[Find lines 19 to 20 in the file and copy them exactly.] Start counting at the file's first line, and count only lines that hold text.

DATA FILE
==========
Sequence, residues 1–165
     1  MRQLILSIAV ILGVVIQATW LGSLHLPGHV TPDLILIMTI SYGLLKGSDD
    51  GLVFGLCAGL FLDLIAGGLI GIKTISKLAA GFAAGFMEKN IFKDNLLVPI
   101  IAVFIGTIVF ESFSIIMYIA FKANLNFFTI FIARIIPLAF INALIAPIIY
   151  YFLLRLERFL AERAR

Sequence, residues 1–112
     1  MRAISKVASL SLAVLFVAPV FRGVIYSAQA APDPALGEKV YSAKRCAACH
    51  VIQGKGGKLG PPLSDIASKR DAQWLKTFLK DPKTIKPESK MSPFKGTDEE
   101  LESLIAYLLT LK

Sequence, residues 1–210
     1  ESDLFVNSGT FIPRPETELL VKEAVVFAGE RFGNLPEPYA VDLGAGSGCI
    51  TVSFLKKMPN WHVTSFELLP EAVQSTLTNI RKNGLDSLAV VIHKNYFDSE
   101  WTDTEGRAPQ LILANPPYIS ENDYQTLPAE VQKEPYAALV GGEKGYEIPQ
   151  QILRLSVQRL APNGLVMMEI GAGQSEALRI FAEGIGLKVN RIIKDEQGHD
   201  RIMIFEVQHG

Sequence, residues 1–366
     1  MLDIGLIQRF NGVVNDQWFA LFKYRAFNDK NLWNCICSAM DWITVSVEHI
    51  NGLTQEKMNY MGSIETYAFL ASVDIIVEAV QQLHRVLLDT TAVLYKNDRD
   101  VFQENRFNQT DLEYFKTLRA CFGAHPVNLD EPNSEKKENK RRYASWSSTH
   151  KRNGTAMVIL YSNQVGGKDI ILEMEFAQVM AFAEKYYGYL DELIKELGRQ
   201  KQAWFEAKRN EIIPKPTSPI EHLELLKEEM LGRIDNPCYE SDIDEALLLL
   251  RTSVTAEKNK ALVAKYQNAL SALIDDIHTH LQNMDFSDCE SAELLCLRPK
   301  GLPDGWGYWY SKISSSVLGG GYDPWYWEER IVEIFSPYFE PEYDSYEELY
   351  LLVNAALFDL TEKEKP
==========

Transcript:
   101  VFQENRFNQT DLEYFKTLRA CFGAHPVNLD EPNSEKKENK RRYASWSSTH
   151  KRNGTAMVIL YSNQVGGKDI ILEMEFAQVM AFAEKYYGYL DELIKELGRQ